I. What is an Idiom?
An idiom is a phrase that conveys a figurative meaning different from the words used. For example, “kick the bucket” is an idiom for “death.” In this sense, idiom is pretty much synonymous with “figure of speech,” though with a slightly narrower definition: an idiom is part of the language, whereas a figure of speech may simply be invented by an individual author. In some cases however, an author may have invented a figure of speech so long ago, that it’s become an idiom and no one really remembers where it came from – this is the case with many lines from Shakespeare that were once figures of speech, but have become idioms.
II. Examples of Idiom
In English, one of the most common idioms is “pulling someone’s leg,” or tricking them for fun. Usually, this refers to something harmless – you’re just kidding around, not actually trying to deceive or mislead the person. The idiom has its origins, though, in the fairly violent practice of pulling people by their legs so that they fall onto the pavement, which was popular with British youths in the 19th century.
All languages have idioms for death, and they range from somber (e.g. “passed on”) to rude, humorous, or flippant (e.g. “croaked,” “snuffed it,” or “kicked the bucket”). In Danish, for example, one might say that the deceased tog traesko, or “took off the clogs,” while in Urdu the idiom is haathi nikal gaya dum phans gaya (“the elephant escaped but his tail got stuck”).
III. The Importance of Idiom
Idioms can be used for many purposes. Like all metaphorical expressions, they add spice and character to the writing, and make it seem less flat. In addition, they can act as euphemisms, allowing the author to discuss uncomfortable topics indirectly. All languages have idioms for death, as we saw in Section II. There are also idiomatic euphemisms for various diseases that people don’t want to discuss directly. Like all euphemisms, these expressions are intended to make the discussion easier by bringing in a more gentle (or sometimes humorous) term to replace a harsher one.
Finally, idioms show the cultural origins of the writing: if you are a Danish author, for example, you might use the Danish idiom tog traesko, which we saw in Section II. For a reader familiar with Danish culture, this would be a great clue as to the work’s cultural origins. However, you would have to include some clarification for other readers less familiar with Danish culture.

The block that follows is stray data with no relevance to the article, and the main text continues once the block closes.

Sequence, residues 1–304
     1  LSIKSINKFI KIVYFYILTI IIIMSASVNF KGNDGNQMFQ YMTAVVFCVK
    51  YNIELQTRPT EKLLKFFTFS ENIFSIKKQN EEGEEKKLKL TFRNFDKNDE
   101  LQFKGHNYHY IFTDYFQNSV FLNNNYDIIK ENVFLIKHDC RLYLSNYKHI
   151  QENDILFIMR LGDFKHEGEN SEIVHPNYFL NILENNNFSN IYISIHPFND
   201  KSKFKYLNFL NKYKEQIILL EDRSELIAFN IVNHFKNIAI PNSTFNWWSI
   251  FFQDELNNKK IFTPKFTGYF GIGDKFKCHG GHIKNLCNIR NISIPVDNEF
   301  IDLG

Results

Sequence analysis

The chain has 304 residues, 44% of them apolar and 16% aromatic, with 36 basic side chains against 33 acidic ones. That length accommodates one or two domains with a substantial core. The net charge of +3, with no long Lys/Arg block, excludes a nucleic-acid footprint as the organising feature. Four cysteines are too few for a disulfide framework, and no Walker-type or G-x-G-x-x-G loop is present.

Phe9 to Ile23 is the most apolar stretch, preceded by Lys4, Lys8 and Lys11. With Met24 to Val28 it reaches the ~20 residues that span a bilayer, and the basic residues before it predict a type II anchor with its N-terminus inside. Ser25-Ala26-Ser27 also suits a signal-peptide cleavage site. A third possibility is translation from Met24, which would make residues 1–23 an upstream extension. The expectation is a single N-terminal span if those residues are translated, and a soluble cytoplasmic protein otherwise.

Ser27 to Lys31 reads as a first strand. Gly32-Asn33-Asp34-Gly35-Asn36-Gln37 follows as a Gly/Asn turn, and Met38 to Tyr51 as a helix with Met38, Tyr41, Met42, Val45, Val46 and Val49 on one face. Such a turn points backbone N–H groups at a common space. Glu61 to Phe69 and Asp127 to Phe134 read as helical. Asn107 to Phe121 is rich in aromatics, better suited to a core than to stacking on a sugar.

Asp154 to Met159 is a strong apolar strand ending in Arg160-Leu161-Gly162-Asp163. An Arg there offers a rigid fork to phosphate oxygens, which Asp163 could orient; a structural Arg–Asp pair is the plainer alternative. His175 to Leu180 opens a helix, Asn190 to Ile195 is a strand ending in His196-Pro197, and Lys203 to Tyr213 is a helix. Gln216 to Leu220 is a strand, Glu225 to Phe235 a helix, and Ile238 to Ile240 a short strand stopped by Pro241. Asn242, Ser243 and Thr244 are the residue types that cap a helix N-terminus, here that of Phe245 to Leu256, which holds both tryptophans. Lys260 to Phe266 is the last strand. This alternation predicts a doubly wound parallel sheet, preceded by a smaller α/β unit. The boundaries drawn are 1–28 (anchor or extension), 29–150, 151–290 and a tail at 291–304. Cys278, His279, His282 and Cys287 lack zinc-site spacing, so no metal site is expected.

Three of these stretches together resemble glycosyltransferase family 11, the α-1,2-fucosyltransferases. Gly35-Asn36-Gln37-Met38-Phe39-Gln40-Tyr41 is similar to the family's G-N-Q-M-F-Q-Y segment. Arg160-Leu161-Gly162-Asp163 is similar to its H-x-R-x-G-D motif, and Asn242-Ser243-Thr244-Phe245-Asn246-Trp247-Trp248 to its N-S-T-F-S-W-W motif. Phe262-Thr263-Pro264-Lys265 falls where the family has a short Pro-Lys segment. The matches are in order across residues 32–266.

The same thing is true of slang, which refers to the various “insider” idioms of young people. A slang terms is just an idiom that people use to show that they are cool, hip, and in touch with popular culture (or with a particular sub-culture such as punk or surf culture).
IV. Examples of Idiom in Literature
“Achilles heel” is a common idiom for the one weakness in something that’s otherwise extremely strong. This idiom has its origins in Homer’s Iliad, where Achilles is one of the heroes. Achilles has just one weak spot, his heel, and this makes him extremely powerful in battle. However, at the Battle of Troy he has the misfortune of getting shot with a poisoned arrow – right in his heel.
Many, many English idioms come straight from the pages of Shakespeare. But they are used as idioms because almost no one knows where they come from – they have simply become a part of the language! Examples include: “send him packing” (Henry IV), “lie low” (Much Ado About Nothing), and “one fell swoop” (Macbeth).
V. Examples of Idiom in Pop Culture
Oh, I already brought it! I brought it, set it down on the table, and opened it!
This line from South Park is a classic example of what we’ve called “extending” the idiom. “Bring it” is a common idiom in English that doesn’t really have a literal translation, but is basically a way of taunting and challenging someone. In this South Park episode, Cartman responds to the challenge by extending that idiom so far that it starts to sound absurd.
The song Night Owl was originally written by James Taylor, but has been recorded by many other artists, including Little Big Town and Carly Simon. Of course, “night owl” is an idiom for someone who likes to stay out late (it’s not a literal owl). However, most people don’t realize that the idiom “night owl” actually originated with Shakespeare – it’s a line from his Richard II.
VI. Related Terms
All idioms (on our current definition) use metaphor to some extent. That is, they use words non-literally in order to get their point across. “Butterflies in the stomach” is a common English idiom for feeling nervous or anxious. But obviously it doesn’t refer to literal butterflies – it’s just a metaphor for the experience of nerves.
A simile is like a metaphor, but it makes the comparison explicit rather than implicit. That is, it employs comparative terms, e.g. “like” or “as.” Idioms use metaphors, not similes or analogies.
Metaphor: “My love is a bonfire”
Simile: “My love is like a bonfire”
Metaphor: “It is the east, and Juliet is the sun!”
Simile: “It is the east, and Juliet is as radiant as the sun!”
Similes (also called analogies) work very well in formal essays, especially in making abstract ideas more concrete. A simile allows the author to clarify his or her ideas without taking on the risks that come with using an idiom.
Example with Simile: “The magnetosphere works like a big tinted window, protecting the earth from the sun’s harmful rays while still letting some light and heat pass through.”
A euphemism is an indirect expression that refers to something unpleasant or socially taboo. Euphemisms are usually used to discuss topics like death, bodily functions, and disease. In most cases, the euphemism is also an idiom, and can be called an idiomatic euphemism. However, a euphemism can also be an original expression created by the author, and therefore not an idiom.